The Air Force may have to cut up to 25,000 airmen and as many as 550 aircraft over the next five years if sequestration spending caps continue, Chief of Staff Gen. Mark Welsh told members of the Senate Armed Services Committee Nov. 7. “While we hope to build a viable plan to slow the growth of personnel costs over time and to reduce infrastructure costs when able, the only way to pay the full sequestration bill is by reducing force structure, readiness, and modernization,” said Welsh, who testified Thursday alongside the other service Chiefs on the impacts of sequestration on the force. Welsh once again cautioned that vertical cuts may be inevitable. He also said the Air Force would have to cut flying hours from its operations and maintenance accounts by as much 15 percent if the spending caps remain in place. That would mean many USAF units will not be fully mission capable within three-to-four months, he noted. Welsh also said USAF has no plans to once again furlough civilians; however, he said it will cancel—and significantly curtain—major exercises while reducing its initial pilot production goals. “The real and projected impacts are great,” he emphasized. (Welsh’s written testimony).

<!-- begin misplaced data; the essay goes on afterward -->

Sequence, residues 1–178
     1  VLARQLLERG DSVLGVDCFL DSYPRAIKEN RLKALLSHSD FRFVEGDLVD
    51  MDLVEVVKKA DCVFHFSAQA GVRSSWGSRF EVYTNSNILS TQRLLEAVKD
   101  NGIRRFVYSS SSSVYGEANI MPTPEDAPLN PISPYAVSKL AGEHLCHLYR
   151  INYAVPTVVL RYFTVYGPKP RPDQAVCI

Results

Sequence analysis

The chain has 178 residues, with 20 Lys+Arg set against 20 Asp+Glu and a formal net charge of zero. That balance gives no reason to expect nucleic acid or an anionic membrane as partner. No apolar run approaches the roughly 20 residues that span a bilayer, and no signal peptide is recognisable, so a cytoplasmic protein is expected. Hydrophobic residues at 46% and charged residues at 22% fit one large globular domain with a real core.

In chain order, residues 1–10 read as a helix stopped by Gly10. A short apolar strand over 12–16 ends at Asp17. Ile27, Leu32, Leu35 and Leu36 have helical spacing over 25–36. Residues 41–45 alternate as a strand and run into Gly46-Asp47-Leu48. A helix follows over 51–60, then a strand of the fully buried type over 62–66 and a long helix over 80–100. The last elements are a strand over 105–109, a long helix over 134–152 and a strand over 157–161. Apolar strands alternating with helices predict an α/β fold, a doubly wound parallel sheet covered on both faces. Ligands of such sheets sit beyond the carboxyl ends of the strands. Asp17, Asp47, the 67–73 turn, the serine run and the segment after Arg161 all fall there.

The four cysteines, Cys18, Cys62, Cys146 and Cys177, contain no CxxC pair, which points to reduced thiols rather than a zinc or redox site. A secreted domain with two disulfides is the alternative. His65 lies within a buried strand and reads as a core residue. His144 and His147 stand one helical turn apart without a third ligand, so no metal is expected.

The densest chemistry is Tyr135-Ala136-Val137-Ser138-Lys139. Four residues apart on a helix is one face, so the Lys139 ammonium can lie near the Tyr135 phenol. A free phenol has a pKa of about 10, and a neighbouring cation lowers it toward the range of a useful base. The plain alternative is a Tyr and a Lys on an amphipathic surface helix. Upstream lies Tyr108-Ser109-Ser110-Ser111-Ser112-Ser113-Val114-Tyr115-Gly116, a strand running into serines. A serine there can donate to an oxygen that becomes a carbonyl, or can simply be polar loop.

The F-35 Joint Program Office has officially announced plans to issue multiple sole-source contracts to Pratt & Whitney to upgrade the fighter’s F135 engine—a widely expected move after Pentagon officials indicated they would do so earlier this year instead of developing an entirely new engine.